For most, the internet revolution is a welcome one. It’s quick, easy and convenient. But not for everyone. 

The shift of many services, including the NHS and banking, online has meant that many millions of people are being left without access. And the DVLA can now be added to the list as it will be withdrawing road tax services from the Post Office, effective from April 1, 2024. 

Seventy-year-old Karen Metherell lives in Haslemere and does not own a smart-phone, have a computer or even an email account.

She fears that she is being left behind as the services she needs are increasingly difficult to access without going online. Karen’s father had Alzheimer’s and Karen refuses to get internet banking as she fears easy access to her money could become a problem if she develops the same condition. 

Karen is already spending many hours on the phone and at the library, and the latest DVLA news has left her frustrated and scared. 

“Having everything online is discriminating against people like me,” she said. “I am terrified of scams and being caught out, so I don’t want to get online. But where does that leave me?”

Karen is concerned that many people do not know about the DVLA's plan.

She said: “It is not just me that will be affected by this. I only heard about it because of an afternoon news report, I haven’t seen it anywhere else. More people need to know about it and someone who can should start a petition to stop it.”

There are already many petitions online campaigning to prevent the switch – but the people most affected by the change are not online to see or sign them.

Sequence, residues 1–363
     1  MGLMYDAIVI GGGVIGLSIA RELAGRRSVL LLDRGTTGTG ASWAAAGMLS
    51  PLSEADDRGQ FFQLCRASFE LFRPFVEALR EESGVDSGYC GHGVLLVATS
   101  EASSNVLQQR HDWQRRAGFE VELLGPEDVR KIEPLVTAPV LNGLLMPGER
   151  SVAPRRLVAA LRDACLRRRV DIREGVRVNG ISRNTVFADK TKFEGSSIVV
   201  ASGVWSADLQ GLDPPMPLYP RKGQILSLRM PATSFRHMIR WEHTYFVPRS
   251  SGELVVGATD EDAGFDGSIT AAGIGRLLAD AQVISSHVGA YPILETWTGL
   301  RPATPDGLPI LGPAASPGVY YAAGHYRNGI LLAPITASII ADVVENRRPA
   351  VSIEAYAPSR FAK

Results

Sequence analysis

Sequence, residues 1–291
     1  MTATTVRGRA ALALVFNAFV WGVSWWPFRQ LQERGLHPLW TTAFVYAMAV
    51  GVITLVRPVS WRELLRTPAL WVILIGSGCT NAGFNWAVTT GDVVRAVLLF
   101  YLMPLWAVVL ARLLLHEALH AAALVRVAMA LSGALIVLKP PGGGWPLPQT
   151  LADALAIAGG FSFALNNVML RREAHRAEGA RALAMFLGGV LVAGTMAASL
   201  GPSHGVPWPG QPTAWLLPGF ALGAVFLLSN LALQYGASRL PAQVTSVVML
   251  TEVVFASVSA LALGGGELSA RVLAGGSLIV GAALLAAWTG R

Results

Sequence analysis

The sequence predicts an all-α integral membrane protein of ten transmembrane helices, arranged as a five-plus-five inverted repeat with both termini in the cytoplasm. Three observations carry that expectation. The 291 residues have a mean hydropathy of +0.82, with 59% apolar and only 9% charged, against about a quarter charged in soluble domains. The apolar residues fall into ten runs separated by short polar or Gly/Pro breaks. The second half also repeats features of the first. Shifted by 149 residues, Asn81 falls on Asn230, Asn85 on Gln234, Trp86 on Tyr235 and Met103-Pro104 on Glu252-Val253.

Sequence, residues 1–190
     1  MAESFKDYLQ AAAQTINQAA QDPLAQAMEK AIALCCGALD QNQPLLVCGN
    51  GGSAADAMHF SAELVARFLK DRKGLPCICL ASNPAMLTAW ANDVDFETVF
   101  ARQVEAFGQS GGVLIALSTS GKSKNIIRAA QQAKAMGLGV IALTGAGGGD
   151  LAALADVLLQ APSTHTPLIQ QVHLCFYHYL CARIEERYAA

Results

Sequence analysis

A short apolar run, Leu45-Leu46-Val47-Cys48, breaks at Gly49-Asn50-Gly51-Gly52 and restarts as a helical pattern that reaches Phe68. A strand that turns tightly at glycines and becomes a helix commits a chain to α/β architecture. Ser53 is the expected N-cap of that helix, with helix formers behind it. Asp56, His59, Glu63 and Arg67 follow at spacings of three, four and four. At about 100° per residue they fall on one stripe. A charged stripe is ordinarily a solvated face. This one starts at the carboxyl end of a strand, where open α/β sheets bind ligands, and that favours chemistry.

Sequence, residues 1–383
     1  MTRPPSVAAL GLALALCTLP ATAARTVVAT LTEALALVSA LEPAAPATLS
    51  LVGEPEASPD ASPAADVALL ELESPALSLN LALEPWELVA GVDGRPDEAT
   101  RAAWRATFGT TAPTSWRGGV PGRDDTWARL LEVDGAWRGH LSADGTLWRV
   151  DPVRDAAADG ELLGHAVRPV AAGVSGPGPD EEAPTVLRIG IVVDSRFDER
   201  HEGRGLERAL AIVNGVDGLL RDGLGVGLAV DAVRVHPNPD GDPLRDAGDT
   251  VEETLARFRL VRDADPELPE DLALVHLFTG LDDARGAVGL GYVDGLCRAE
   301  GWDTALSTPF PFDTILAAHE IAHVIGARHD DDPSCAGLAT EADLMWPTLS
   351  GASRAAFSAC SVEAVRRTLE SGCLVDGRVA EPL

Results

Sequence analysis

A real digital divide is hitting the UK, research from Citizens Advice has revealed. 

Despite a technological revolution, seven million UK households are without internet access.

In 2021, Citizens Advice found that around 2.9 million people – about one in 20 adults – do not use the internet. And around 11 million people – one in five adults – lack some of the ‘essential digital skills for life’, like using email or search engines.

A DVLA spokesperson said: “The Post Office currently provides a limited range of DVLA’s services and an extension to the current contract has been agreed until March 31, 2024. 

“We want our customers to be able to access our services as quickly and as easily as possible, and the role of front office counter services will form part of the considerations of any future service offerings.”

A driver can renew their licence by post using a D1 form, and can tax their vehicle by calling 0300 1234 321.

But Karen already spends hours on automated phonelines and at library computers trying to access basic services. 

She said: “It is penalising old people. Soon none of us will be able to drive because we’re not taxed. But maybe that’s the plan!”

If this online move affects you, call 01252 959580.